Agriculture is one of the best pathways to choose for students because of the sheer amount of opportunity within the industry. Innovations in sustainable agriculture, precision technology, and plant/soil science are creating exciting new skilled trade roles each year.
Some of the roles that are in the most difficult to fill are within the skilled trade realm. There are simply not enough students entering these career pathways to fulfill the vacancy demand within agriculture. If you are in high school just considering your career path, or are mature, and open to retraining for a second career; consider training in a skilled trade. These roles can span every industry type within agriculture, and often include mechanics, welders, electricians, technicians, and specialists.
Welder – Welders would appreciate the flexibility that comes with the role within agriculture. Not only can you find jobs within manufacturing for long and short line equipment manufacturing, but there are often welding roles available outside of the shop too for roles like dairy equipment installation, mobile repair units for machinery, or grain storage.
Mechanic/Service Technician – There tends to be more competition from other industries for mechanics, like oil/gas and mining. This makes the skilled trade demand greater for agricultural mechanics – often to generous signing packages. Credits for tools, uniforms, training credits, or a signing bonus are often included, or can be negotiated in to your employment contract.
Electrician / Electronics Technician – increased efficiencies and automation within certain plants and also on the farm have opened a more specialized need for electrical technologists and technicians within agriculture. There are lots of roles around installation and maintenance as well as opportunity in programing and automation for technologist graduates.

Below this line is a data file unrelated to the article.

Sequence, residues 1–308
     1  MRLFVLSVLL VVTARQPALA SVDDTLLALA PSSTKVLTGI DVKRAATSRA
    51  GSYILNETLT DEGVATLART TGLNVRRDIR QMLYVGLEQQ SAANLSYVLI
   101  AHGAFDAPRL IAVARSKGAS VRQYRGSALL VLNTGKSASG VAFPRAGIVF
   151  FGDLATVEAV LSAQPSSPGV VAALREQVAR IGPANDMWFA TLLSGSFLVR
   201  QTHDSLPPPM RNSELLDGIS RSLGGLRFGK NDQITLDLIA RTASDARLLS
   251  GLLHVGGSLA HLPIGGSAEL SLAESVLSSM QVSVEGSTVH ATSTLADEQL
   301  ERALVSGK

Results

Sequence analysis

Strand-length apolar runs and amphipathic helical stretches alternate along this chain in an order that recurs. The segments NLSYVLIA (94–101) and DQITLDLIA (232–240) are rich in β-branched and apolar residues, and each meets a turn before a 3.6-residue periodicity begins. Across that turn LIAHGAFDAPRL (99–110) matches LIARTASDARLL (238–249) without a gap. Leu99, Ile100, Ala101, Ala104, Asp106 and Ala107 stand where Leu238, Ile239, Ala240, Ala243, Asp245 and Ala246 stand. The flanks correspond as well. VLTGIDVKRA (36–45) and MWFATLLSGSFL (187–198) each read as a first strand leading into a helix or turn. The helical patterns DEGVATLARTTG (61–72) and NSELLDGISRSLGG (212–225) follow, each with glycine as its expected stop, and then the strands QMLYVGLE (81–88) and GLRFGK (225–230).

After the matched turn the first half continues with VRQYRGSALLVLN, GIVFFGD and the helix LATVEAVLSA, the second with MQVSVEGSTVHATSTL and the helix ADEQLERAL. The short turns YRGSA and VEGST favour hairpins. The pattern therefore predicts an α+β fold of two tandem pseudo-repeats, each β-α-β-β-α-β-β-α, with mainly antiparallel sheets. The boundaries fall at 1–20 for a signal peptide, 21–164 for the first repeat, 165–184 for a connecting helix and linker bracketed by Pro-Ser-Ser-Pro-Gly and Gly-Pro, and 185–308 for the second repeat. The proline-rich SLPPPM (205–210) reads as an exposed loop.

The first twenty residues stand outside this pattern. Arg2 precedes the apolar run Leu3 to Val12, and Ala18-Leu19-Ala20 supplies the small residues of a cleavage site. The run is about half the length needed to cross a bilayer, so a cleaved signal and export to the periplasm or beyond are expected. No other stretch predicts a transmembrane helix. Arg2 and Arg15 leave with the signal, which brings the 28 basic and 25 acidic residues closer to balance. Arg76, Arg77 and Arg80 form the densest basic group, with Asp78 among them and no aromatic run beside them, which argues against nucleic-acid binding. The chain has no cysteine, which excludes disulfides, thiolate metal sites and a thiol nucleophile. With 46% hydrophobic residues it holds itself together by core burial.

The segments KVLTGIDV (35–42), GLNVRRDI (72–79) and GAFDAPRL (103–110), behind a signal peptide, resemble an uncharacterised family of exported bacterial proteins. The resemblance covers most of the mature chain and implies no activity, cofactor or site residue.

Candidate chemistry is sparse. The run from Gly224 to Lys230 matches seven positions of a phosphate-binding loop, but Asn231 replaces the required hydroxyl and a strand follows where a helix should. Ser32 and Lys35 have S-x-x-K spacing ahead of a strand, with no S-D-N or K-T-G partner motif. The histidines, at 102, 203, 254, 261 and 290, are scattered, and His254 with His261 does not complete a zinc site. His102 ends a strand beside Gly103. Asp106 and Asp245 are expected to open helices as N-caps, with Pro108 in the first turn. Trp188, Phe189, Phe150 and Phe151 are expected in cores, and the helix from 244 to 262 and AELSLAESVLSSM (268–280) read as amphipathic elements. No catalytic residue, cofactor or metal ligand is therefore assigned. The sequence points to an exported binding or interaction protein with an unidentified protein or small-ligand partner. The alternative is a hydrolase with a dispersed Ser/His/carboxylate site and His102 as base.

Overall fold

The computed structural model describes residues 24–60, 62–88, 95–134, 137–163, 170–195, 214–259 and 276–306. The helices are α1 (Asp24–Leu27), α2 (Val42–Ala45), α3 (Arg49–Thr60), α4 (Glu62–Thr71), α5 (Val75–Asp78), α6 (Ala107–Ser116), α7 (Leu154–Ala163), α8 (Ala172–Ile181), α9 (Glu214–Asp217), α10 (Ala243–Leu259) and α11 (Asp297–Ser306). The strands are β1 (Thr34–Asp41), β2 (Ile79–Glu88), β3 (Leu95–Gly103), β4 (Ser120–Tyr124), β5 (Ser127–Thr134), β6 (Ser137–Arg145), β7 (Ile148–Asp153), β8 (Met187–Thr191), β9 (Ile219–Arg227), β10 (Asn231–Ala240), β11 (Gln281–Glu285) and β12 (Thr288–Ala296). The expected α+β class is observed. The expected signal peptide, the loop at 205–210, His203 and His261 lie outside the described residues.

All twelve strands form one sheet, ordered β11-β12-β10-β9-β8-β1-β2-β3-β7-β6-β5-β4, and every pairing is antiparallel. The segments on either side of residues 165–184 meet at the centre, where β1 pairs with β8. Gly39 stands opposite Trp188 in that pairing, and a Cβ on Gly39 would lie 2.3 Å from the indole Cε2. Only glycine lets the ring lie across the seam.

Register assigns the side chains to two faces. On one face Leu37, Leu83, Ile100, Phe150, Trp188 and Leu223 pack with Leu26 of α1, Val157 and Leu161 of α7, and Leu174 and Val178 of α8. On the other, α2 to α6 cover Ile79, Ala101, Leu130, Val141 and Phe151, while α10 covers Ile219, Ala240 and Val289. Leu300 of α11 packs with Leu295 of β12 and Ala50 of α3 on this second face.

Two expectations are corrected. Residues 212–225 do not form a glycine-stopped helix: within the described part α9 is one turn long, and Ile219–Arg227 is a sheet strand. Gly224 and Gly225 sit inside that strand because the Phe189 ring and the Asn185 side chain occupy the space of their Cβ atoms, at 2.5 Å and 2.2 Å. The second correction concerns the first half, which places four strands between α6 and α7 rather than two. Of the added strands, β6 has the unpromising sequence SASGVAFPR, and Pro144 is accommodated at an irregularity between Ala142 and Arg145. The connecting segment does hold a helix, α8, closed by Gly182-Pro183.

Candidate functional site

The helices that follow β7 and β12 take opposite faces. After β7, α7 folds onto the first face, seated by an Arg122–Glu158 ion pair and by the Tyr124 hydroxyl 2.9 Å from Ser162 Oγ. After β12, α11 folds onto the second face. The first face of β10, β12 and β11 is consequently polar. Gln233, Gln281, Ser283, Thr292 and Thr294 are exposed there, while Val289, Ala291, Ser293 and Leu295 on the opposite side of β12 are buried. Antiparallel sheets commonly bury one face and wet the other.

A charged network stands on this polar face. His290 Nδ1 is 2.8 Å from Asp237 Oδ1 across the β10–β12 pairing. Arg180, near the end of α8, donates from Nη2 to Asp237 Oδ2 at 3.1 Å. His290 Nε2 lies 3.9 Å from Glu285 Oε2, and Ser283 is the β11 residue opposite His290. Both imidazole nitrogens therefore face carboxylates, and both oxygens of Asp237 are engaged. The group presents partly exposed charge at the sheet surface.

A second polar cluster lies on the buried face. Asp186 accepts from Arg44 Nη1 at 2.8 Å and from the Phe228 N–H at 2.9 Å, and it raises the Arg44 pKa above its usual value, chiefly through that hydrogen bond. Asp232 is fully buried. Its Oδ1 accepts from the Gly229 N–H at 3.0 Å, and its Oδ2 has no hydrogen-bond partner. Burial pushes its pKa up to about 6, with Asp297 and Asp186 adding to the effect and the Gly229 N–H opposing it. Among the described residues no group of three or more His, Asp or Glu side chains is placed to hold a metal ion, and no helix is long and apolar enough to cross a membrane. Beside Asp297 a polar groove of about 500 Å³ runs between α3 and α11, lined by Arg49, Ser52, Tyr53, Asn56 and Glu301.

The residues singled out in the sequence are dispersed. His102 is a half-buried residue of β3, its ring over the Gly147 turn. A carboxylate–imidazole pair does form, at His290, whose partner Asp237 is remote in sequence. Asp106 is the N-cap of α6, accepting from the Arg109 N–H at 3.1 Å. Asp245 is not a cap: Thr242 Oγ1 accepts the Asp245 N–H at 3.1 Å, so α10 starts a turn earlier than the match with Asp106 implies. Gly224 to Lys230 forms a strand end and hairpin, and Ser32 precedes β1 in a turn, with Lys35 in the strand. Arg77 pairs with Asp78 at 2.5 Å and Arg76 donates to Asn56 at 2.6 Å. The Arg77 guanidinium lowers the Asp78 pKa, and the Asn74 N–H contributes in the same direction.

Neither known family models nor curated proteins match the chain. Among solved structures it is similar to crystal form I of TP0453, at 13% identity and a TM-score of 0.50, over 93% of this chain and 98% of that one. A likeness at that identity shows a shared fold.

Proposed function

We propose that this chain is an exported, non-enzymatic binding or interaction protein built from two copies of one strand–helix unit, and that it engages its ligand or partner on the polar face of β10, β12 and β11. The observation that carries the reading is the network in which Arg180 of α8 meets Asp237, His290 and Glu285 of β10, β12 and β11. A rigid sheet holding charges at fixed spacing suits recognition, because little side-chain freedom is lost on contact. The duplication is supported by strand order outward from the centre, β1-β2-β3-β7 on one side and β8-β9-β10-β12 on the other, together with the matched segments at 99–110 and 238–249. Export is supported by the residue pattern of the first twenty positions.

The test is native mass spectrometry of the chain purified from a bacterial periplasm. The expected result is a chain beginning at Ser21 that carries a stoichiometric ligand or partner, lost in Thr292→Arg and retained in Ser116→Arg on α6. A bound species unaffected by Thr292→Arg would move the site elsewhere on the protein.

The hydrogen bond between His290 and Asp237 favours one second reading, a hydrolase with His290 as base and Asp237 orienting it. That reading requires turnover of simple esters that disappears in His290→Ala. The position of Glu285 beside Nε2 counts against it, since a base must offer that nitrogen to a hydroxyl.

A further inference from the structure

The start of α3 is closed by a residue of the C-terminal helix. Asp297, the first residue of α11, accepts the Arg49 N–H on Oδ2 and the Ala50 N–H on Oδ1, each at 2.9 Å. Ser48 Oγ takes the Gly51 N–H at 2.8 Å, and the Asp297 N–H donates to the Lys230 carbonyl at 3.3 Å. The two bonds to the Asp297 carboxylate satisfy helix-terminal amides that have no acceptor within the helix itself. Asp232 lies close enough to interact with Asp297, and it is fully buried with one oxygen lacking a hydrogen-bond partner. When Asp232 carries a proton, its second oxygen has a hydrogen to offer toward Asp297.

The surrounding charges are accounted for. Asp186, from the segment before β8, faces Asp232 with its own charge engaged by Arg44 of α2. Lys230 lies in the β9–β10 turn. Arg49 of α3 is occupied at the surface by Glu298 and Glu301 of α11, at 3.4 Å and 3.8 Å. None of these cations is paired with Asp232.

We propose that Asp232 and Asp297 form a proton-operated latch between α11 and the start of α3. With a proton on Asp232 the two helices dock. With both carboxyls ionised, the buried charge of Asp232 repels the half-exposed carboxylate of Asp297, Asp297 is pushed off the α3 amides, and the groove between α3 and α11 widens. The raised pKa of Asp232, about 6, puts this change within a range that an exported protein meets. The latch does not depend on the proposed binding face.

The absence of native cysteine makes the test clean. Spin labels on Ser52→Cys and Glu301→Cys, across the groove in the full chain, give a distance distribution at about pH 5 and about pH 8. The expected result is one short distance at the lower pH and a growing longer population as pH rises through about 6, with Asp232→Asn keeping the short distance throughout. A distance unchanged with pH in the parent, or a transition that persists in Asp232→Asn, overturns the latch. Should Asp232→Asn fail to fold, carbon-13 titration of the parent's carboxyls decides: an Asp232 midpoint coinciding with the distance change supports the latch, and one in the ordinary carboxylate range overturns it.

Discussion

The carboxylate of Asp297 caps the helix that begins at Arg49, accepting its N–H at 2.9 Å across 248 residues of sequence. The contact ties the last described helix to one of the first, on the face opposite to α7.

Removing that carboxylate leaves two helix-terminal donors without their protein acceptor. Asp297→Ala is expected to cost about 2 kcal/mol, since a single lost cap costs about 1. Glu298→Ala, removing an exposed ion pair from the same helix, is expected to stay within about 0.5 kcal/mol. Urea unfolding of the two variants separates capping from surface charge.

Veterinary Technician – Veterinary technicians are able to pursue their love of animal husbandry without needing a PhD. There are many tiers to this role, some of which, like research, may require a bachelor’s degree. Other areas are ultrasound/radiology techs, health and nutritional recommendations, and injury management.
Precision Agriculture Specialist – in this fairly new career stream, you can expect to be at the head of cropping technology. Different areas of this role would require soil/plant/crop input knowledge, software development, mechanical knowledge, or experience with GPS.
R & D Technician – Research and Development technicians can, again, span a variety of sub-sectors within agriculture. Product analysis, food development technology/science, as well as greenhouse or test plot trials can all fall under the research and development umbrella.
These are just 6 of the many skilled trade pathways. Click the links above, or head to our Career Profiles page, to view many more. Each career profile details what high school courses you should have, the required education, career outlook, and potential openings on AgCareers.com.
You can also subscribe to our monthly Skills and Trade Profession Newsletter when creating a profile on AgCareers.com!